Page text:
by Marina Brunale

We all know the internet is changing everything. Every new communication media caused seismic shifts but the internet is doing that to an even bigger extent. So, if the key to a good relationships is communication and the internet makes communicating easier, then we are bound to be going somewhere good. Right?

With the amount of corruption news and companies just being… well, evil it would seem things aren’t getting any better. The mess is just a whole lot more visible.

Thankfully, a lot of people would disagree. In the book ‘Extreme Trust: Honesty as a competitive advantage’ the authors, Don Peppers and Martha Rogers, argue that when ‘evil acts’ are more visible more trustable companies are given a competitive advantage.

In the age of the web, smartphones and social media everything a company does can be critiqued in a matter of seconds and, within minutes, millions of people can learn about it. It is no wonder so many companies have a bad reputation. Bad reviews and customer service stories can significantly affect people’s perspective of a company.

There are a lot of positive examples out there of companies doing amazing things and really doing good to the community and their clients. The problem is there are just too many bad examples. This ends up giving all companies a bad reputation.

I often get annoyed at people who think every company is automatically evil. Don’t get me wrong, I will be the first to point out when I think companies have done something wrong. But it is certainly not every one of them. So, recently I have been on a quest to find out what makes a company good and what makes it actually evil. There is bound to be a very visible line between the two.

Is it prioritising money?

Paper Money by Kevin Dooley

Paper Money by Kevin Dooley

Most people think chasing money is what makes a company evil. But that can’t be, since making a profit is necessary for a company to survive. So what is it then? Of course, there are the obvious cases in which companies use slave labour, underpay their employees or pollute the environment. But we don’t need to be told they are evil, it is written all over it. There are other signs of ‘evilness’ that are much more subtle but just as bad.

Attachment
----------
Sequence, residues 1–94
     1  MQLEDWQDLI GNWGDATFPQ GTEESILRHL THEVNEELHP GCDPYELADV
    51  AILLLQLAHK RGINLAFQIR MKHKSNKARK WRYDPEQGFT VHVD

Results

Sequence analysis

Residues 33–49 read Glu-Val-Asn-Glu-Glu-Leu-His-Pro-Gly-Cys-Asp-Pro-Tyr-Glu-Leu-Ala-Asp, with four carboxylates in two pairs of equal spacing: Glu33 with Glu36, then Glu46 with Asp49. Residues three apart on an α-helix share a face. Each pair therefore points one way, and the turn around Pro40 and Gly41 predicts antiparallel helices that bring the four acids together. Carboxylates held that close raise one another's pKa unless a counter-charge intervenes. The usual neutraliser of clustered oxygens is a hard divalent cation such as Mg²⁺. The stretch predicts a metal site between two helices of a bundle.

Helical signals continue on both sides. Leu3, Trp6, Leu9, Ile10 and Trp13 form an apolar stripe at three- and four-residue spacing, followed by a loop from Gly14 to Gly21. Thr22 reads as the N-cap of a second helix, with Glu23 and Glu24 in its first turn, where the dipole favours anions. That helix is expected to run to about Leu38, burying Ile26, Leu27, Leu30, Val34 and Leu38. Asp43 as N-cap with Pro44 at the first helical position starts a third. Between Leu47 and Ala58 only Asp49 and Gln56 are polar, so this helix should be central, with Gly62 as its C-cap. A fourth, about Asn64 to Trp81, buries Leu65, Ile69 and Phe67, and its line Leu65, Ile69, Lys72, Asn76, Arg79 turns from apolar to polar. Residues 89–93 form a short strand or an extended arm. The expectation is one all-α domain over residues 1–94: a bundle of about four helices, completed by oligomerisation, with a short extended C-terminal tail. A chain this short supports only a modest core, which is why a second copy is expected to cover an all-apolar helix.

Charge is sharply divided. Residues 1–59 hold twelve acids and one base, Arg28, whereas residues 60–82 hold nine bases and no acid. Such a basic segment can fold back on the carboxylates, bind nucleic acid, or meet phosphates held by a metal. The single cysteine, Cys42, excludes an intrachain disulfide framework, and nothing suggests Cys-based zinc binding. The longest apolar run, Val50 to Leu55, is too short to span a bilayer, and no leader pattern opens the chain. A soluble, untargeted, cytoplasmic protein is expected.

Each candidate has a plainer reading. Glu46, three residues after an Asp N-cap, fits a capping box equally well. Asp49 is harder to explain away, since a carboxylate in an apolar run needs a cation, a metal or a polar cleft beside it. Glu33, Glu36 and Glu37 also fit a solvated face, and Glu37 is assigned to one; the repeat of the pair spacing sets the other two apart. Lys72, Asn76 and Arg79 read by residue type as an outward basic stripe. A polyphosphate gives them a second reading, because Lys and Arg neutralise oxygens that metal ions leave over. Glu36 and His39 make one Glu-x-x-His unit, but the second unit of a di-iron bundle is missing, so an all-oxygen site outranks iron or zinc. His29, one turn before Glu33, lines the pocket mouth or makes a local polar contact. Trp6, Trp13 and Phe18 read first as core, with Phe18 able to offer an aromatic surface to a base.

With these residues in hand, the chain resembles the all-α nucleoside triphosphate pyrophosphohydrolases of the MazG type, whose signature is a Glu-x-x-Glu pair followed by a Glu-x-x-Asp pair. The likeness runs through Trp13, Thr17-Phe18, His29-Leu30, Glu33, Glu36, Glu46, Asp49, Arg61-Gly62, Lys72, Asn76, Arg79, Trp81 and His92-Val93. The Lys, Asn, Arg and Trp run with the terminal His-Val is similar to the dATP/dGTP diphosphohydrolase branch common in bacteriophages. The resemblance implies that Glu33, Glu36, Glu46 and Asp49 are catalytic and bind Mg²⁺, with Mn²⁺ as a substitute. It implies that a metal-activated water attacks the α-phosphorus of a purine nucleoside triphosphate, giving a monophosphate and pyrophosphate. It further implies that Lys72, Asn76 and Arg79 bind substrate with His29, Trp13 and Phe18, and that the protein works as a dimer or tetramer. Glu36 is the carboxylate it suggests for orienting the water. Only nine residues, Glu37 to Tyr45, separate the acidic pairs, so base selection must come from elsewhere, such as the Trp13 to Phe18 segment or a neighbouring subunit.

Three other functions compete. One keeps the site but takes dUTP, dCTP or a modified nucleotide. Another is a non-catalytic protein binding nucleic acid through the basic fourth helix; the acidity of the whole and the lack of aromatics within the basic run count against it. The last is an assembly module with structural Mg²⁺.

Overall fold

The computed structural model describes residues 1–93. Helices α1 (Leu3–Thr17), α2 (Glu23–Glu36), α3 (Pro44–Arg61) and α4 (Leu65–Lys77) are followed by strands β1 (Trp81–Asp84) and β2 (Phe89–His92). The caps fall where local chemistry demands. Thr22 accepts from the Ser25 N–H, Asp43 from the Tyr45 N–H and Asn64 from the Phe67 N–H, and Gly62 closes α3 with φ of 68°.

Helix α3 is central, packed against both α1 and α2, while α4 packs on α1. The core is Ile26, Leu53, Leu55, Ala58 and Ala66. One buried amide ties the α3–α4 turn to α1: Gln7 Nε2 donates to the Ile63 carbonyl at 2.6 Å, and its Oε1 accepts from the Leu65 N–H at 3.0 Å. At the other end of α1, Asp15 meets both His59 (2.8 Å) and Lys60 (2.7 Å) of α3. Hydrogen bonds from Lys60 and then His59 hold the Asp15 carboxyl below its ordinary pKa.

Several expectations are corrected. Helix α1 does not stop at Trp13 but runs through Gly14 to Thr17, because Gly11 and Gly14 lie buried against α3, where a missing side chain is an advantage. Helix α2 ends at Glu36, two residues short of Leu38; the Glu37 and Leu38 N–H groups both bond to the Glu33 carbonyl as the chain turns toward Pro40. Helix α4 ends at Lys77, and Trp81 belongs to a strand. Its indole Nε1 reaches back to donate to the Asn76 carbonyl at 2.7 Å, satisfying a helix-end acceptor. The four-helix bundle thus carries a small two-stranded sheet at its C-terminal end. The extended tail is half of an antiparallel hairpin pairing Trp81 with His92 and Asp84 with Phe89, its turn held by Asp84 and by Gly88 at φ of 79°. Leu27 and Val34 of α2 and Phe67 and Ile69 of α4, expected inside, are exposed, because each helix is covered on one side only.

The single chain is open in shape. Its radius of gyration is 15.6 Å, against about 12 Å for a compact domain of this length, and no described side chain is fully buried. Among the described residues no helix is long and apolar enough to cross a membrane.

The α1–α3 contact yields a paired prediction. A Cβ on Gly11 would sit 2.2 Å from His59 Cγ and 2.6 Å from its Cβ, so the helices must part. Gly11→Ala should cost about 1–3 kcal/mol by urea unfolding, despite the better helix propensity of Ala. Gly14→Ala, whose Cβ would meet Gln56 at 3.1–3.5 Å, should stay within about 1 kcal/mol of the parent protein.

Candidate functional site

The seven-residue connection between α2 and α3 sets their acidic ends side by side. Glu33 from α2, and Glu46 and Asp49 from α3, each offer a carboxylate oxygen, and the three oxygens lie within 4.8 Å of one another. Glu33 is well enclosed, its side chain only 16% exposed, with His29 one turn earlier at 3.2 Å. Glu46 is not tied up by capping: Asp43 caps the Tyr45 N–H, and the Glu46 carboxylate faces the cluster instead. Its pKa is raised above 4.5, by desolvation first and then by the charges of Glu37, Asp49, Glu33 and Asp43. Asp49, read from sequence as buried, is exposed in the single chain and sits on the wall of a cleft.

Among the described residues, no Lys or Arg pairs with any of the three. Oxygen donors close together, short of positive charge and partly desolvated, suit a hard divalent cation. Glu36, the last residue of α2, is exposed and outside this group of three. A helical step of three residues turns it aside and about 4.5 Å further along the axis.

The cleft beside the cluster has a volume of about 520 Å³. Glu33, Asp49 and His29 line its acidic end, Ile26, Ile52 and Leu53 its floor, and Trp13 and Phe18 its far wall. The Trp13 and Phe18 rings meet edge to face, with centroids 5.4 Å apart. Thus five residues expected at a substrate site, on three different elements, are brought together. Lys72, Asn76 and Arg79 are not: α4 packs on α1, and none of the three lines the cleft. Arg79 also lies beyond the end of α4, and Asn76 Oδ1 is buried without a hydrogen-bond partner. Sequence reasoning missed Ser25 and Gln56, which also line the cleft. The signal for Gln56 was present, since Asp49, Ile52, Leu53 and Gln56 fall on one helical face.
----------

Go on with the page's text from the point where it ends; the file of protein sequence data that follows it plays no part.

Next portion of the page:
According to Don Peppers and Martha Rogers it’s when the company’s means of making a profit are things that are not in the client’s interest. In their words:

“The fact is that far too many businesses still generate substantial profits by fooling customers, or by taking advantage of customer mistakes or lack of knowledge, or simply by not telling customers what they need to know to make an informed decision.”

A good way of explaining this is with examples:

  • To a credit card company, a borrower who can’t resist spending and is often late paying fees is much more profitable. In this case, the client’s weakness can actually benefit the company unless they implement things to help the client stay on top of things and avoid too many fees.
  • For mobile phone companies, a lot of profit can come from customers signing up for more expensive calling plans than they really need. Also, often times roaming data services are accessed by accident. In this case, a large profit is made because of clients being distracted.
  • Some retail banks make a substantial profit from overdraft charges and other fees for minor infractions that are usually simple customer errors. If a message or a warning was sent every time someone was going into overdraft, or if the payment just didn’t go through, clients would be safer and would have an easier time keeping track of their spendings and avoid extra fees.

Most of these examples are simple day to day things. The evilness is in the fact that some companies count on customer weaknesses and distractions as one of the main forms of profit. A good company watches out for their customer’s interest.

When is a company good?

A good company is one whose products/services is valuable and actually benefits the client. An example of good company behaviour is when you try to purchase a song on iTunes and it warns you that you have already purchased it in the past. It could just let you spend more money, but in a way, it looks out for you. It has other ways to make a profit.

Another example is when a phone company informs you that you are not using as much data as you are paying for, it tracks your consumption and offers you a service that works better for you. Or when you walk into a store looking for something specific and the salesperson tells you buying something else, maybe even in another store, would be more beneficial to you.

These behaviours are, unfortunately still rare, but this is changing. According to Peppers and Rogers it is all because of the internet and the fact that we are communicating much more nowadays.

“.. lots of traditional, widely accepted, and perfectly legal business practices just can’t be trusted by customers and will soon become extinct, driven to dust by rising levels of transparency, increasing consumer demand for fair treatment, and competitive pressure…… Things that companies, governments, and other organisations never meant for people to know they will know.”

So, not to worry, the internet is only young and will definitely keep evolving and changing the world around it. It is only a matter of time until companies realise that treating their customers better and respecting them more is the best strategy out there.

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